- Jul 3, 1997
- Real Name
- Ronald Epstein
The beginning scene of Swordfish is
absolutely brilliant. In these first moments,
we are introduced to a suave, nameless mastermind
(John Travolta), sitting seemingly by himself,
giving us a remarkable dialogue about movies and
reality. It's one of the coolest cinematic moments
in recent memory. It's at this point that the
film grabs you, pulls you in, and won't let go.
Producers Joel Silver (Lethal Weapon, Matrix)
and Jonathan D. Krane (Face/Off) manage to bring
this high-tech thriller to the screen that manages
to fool its audiance as much as its characters do.
After all, the film was not received well by the
critics. It's a less intelligently presented
thriller with all sorts of impossibilities.
However, deception runs so well with this film
that you too will be fooled into having a great
time with this movie.
John Travolta makes this movie. This is
certainly his best character since Pulp Fiction.
This is the kind of man that can charm you and
stab you in the back at the same moment. He
enlists the help of a computer hacker (Hugh
Jackman) to hack his way into Government networks
where a payoff bundle is up for the taking. At
his side is the very sexy Halle Berry. In pursuit
is Don Cheadle (Traffic, Boogie Nights) who is
one of my favorite recent character actors. It's
a pretty well-rounded cast, and the total dumbness
of this film is saved by the performance of the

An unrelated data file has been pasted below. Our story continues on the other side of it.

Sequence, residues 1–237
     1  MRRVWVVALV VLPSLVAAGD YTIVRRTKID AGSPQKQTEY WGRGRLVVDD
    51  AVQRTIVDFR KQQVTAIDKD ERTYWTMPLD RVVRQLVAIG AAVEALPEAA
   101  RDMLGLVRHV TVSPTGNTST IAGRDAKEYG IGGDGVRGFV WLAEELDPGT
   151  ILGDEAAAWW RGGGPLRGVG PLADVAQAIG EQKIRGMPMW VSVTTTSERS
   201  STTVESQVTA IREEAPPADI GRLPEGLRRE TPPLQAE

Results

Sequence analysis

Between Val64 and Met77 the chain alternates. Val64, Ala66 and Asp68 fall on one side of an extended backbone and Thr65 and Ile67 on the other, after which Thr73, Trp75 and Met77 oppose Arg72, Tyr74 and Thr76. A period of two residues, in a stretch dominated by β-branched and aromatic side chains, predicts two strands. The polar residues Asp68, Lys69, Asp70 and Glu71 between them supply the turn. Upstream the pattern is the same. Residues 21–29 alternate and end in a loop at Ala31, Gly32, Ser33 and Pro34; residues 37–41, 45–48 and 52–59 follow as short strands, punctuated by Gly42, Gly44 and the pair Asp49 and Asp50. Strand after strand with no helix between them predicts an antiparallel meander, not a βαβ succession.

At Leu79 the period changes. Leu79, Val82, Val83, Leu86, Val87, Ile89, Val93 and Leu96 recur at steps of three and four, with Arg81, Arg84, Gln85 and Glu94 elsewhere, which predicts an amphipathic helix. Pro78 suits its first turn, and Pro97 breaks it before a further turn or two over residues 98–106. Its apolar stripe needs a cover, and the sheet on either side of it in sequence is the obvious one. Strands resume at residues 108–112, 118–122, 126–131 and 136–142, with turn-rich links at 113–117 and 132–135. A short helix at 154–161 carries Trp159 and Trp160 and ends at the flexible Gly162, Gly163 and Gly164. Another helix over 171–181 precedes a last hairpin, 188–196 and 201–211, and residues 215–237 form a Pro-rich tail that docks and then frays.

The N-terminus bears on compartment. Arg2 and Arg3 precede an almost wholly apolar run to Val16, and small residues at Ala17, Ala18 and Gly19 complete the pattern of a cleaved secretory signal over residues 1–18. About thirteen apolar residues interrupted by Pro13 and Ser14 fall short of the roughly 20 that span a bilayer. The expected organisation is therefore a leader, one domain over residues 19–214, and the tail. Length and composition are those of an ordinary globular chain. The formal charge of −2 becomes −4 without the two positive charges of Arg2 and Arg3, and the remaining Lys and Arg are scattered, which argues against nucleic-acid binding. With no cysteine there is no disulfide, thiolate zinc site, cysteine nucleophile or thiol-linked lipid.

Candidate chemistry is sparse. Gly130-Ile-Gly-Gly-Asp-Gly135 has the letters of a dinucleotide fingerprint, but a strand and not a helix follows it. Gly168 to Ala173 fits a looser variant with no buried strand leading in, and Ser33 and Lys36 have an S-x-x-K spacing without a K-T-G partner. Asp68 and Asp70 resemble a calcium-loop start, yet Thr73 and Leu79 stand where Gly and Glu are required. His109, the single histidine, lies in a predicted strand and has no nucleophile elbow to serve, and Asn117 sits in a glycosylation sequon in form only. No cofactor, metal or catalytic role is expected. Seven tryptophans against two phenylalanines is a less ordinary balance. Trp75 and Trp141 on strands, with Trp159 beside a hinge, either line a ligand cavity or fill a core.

actors. The film moves along at an uneven pace
throughout, but pays off with a tremendous visual
ending that involves a bus.
Chalk it up to Warner Brothers for doing yet
another outstanding transfer that ranks with
recent DVDs, Driven and Exit Wounds.
The transfer quality is top-notch. The 5.1
digital surround is also excellent, though not
overused in this film. Most of the action takes
place through the 3 front speakers.
The film also has some nice supplements. First,
there are the two alternate endings, which clearly
are not as good as the one used. You have the
choice of watching them with or without Director
There is also a fun 15-minute HBO documentary
on the MAKING OF the film. It involves
all the principle actors. It's nice to see
Travolta step in and out of character. He really
knows how to step into characters that are so
much different than his personal self.
One supplement I urge you to watch is the
EFFECTS IN FOCUS, which takes a very
descriptive look at the final effects scene that
involves the bus. You'll see how that entire
sequence went from a computer roadmap to the
streets of Los Angeles, to a large airport hangar
and soundstage. It's one of those moments that
you sit there amazed at how much effects work
went into that film's ending sequence.
Swordfish is truly a guilty pleasure.
And, I warn you, because of its subject matter
that so closely ties in with our world's recent
terrorist events, you may feel guilty about
watching it. On the one hand, I am surprised
that Warner Brothers chose to put this out so soon.
On the other hand, I applaud the studio for
letting the public have the choice with what they
want to watch.
I reccomend this film for rental, although I
think many renters may end up purchasing. All
in all, I don't think this DVD should be passed up.
And, if I may be unprofessional for just a moment --
this film is worth watching just for Halle Berry's
beautiful breasts. Whoo-Hah!
Ronald Epstein (pronounced like the English "Ronald Epstein")
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